About 18.4% of all U.S. adults are visually impaired, according to the Centers for Disease Control and Prevention. That means they are blind or have a great deal of difficulty seeing even when wearing prescription glasses.
The causes vary. Some visually impaired people have eye diseases like macular degeneration, cataracts, glaucoma, or diabetic retinopathy. Others may have vision in just one eye. Some may have injured their eyes or were born blind.
Visual impairments and related limitations may qualify as disabilities under the ADA and require reasonable accommodations.
Not everyone who has difficulty seeing is disabled. If eyeglasses largely correct mild impairments such as near-sightedness, the person is not disabled. However, someone who uses more extensive corrective devices such as low-vision lenses or magnifiers may be disabled. Note that their disability is assessed without the use of corrective devices, which function as accommodation tools.
New EEOC guidance
In August 2023, the EEOC issued updated guidance on accommodating visual disabilities in the workplace.
The guidance explains that the ADA bars disability discrimination and requires employers to reasonably accommodate disabled applicants and employees so they can perform the essential functions of the job. What’s reasonable depends on the size of the employer, its assets and resources, and whether the requested accommodation is unduly expensive or disruptive. Blindness and less limiting visual impairments often qualify as disabilities under the ADA if they substantially impair major life activities like seeing, working and caring for oneself.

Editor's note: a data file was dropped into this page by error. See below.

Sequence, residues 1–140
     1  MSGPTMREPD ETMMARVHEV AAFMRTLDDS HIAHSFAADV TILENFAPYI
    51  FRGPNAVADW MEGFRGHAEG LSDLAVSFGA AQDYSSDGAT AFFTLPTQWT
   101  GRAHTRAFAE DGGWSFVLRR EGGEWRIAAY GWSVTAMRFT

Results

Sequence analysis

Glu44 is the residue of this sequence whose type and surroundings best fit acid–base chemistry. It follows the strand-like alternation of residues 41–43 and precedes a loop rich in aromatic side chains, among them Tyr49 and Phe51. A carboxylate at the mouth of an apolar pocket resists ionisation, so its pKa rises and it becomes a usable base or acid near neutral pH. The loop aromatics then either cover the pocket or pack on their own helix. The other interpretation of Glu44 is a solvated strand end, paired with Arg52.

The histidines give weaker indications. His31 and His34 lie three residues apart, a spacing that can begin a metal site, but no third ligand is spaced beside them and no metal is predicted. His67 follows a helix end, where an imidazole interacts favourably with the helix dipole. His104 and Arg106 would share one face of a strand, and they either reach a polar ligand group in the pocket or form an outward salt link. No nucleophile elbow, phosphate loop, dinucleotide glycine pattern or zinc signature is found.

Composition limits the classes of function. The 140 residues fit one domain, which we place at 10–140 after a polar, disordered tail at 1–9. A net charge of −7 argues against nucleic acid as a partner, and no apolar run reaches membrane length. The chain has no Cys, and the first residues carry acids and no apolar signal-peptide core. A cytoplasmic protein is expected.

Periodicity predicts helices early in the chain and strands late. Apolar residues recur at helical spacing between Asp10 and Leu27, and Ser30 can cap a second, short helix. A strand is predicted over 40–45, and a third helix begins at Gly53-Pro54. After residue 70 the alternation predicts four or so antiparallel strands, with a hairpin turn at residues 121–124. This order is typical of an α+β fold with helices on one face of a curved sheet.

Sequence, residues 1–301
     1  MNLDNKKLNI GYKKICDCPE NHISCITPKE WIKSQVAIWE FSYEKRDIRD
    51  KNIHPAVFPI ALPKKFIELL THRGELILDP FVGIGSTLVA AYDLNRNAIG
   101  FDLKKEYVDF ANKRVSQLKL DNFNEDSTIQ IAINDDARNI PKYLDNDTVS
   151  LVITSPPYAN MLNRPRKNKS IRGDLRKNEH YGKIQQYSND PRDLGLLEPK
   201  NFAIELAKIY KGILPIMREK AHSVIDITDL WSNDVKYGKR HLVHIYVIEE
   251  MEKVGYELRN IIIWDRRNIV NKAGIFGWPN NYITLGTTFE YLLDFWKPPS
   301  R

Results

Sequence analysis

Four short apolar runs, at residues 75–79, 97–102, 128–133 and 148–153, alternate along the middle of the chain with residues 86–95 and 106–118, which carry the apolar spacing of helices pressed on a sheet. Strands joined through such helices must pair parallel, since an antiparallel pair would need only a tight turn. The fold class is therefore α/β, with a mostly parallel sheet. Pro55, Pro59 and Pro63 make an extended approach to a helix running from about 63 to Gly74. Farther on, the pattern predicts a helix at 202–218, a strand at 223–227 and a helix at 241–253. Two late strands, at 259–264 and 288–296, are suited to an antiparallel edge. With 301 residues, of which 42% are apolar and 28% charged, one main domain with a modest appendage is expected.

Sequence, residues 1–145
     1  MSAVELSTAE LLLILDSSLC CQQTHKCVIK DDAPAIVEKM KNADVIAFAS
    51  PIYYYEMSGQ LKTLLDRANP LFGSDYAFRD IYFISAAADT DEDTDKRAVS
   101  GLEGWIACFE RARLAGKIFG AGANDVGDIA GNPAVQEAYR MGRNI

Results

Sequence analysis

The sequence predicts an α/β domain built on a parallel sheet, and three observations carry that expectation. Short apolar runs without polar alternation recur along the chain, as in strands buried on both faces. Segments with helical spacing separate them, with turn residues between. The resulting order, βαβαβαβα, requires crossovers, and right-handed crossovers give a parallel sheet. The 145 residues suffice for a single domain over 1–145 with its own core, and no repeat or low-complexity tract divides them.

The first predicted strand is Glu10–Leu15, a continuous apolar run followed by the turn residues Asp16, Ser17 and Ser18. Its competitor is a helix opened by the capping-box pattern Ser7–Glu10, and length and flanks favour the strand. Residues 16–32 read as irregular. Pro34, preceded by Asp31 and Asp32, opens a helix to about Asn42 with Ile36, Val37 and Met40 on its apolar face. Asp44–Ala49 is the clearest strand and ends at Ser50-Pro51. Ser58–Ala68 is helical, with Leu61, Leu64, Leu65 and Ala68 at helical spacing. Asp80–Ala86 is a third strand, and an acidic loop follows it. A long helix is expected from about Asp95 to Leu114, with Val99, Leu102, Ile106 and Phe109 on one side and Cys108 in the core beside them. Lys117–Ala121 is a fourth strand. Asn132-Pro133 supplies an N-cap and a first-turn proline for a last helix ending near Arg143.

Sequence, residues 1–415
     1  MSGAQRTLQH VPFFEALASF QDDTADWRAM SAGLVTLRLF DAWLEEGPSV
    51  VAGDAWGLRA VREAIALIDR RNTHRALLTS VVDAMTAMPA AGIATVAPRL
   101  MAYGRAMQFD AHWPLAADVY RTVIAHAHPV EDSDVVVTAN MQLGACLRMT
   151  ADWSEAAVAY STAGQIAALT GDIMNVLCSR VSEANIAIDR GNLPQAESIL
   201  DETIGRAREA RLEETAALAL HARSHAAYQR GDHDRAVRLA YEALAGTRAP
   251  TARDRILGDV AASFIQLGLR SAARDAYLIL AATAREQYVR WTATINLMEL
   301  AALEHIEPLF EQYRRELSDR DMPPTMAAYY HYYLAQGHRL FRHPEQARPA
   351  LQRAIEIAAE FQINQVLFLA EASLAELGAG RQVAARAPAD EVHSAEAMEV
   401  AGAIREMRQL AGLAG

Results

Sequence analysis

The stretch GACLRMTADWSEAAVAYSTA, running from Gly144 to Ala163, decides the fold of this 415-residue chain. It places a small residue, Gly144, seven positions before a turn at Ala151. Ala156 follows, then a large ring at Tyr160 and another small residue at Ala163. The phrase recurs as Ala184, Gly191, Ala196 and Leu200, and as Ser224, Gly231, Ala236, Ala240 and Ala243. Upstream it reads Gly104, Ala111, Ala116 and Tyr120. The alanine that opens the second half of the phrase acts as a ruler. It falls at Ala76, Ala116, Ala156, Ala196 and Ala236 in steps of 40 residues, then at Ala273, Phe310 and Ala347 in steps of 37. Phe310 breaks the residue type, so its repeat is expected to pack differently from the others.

Common accommodations for employees with visual impairments include the use of assistive technology and environmental modifications like:
- Software that converts computer text into audible words or braille
- Optical character recognition software that creates documents in screen-readable electronic form from printed documents
- Written materials in large print, braille or other accessible formats
- Low-vision optical devices such as magnifiers
- Smartphones and tablets with built-in accessibility features like text-to-speech
- Braille keyboards
- Modified work schedules to facilitate taking public transportation
- Telework opportunities
- Modifications to training so employees can participate.
Visually impaired employees may also be entitled to time off related to their disability when no other leave is available.
Note: Visually impaired applicants who request reasonable accommodations in the hiring process are entitled to them. If the applicant uses a service animal to navigate, the animal must be permitted to accompany the visually impaired applicant. If you hire the applicant, you will need to allow the service animal to assist the employee as needed and may need to provide other accommodations.
Online resources The Department of Labor’s Job Accommodations Network offers a wealth of information about accommodating visual impairments. In addition, the EEOC has new guidance on accommodating employees with visual impairments at www.eeoc.gov/laws/guidance/visual-disabilities-workplace-and-americans-disabilities-act.